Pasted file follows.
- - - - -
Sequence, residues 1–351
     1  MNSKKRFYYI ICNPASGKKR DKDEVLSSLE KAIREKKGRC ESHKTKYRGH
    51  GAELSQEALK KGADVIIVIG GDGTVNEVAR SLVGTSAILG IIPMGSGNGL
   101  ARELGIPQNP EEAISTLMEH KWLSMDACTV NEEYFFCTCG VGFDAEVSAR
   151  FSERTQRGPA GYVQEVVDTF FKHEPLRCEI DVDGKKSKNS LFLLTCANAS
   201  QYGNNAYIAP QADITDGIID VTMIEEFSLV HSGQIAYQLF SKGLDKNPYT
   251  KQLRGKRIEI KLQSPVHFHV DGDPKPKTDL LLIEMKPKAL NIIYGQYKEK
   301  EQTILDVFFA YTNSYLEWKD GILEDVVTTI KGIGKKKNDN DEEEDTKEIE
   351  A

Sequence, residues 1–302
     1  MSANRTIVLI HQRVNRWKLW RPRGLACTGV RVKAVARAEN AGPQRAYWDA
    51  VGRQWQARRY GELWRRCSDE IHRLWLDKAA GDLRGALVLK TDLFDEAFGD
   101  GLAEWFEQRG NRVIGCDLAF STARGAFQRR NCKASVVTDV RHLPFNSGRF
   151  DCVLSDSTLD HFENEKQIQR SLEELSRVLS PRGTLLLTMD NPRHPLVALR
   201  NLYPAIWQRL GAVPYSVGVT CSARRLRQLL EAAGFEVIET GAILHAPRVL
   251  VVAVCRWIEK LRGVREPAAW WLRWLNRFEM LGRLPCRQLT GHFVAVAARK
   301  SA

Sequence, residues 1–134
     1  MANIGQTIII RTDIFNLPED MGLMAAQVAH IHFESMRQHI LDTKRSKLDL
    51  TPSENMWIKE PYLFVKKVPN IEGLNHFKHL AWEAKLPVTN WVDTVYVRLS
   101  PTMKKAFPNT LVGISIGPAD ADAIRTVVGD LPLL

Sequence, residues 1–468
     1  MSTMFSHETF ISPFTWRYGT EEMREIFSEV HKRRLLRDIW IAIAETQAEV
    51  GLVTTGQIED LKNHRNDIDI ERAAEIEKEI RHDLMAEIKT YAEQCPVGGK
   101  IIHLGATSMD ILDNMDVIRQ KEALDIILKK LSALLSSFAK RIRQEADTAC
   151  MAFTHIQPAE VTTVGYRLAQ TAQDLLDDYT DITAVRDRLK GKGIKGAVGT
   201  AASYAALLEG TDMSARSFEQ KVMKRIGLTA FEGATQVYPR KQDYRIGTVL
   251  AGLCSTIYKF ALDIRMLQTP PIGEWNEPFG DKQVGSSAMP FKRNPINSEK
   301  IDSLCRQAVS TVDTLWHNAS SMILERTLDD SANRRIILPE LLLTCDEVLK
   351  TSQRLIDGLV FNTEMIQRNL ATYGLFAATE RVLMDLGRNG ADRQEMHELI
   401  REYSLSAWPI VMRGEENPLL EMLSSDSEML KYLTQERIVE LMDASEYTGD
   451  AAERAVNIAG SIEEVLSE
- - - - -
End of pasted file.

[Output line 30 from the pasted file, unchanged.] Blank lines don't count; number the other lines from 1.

   351  TSQRLIDGLV FNTEMIQRNL ATYGLFAATE RVLMDLGRNG ADRQEMHELI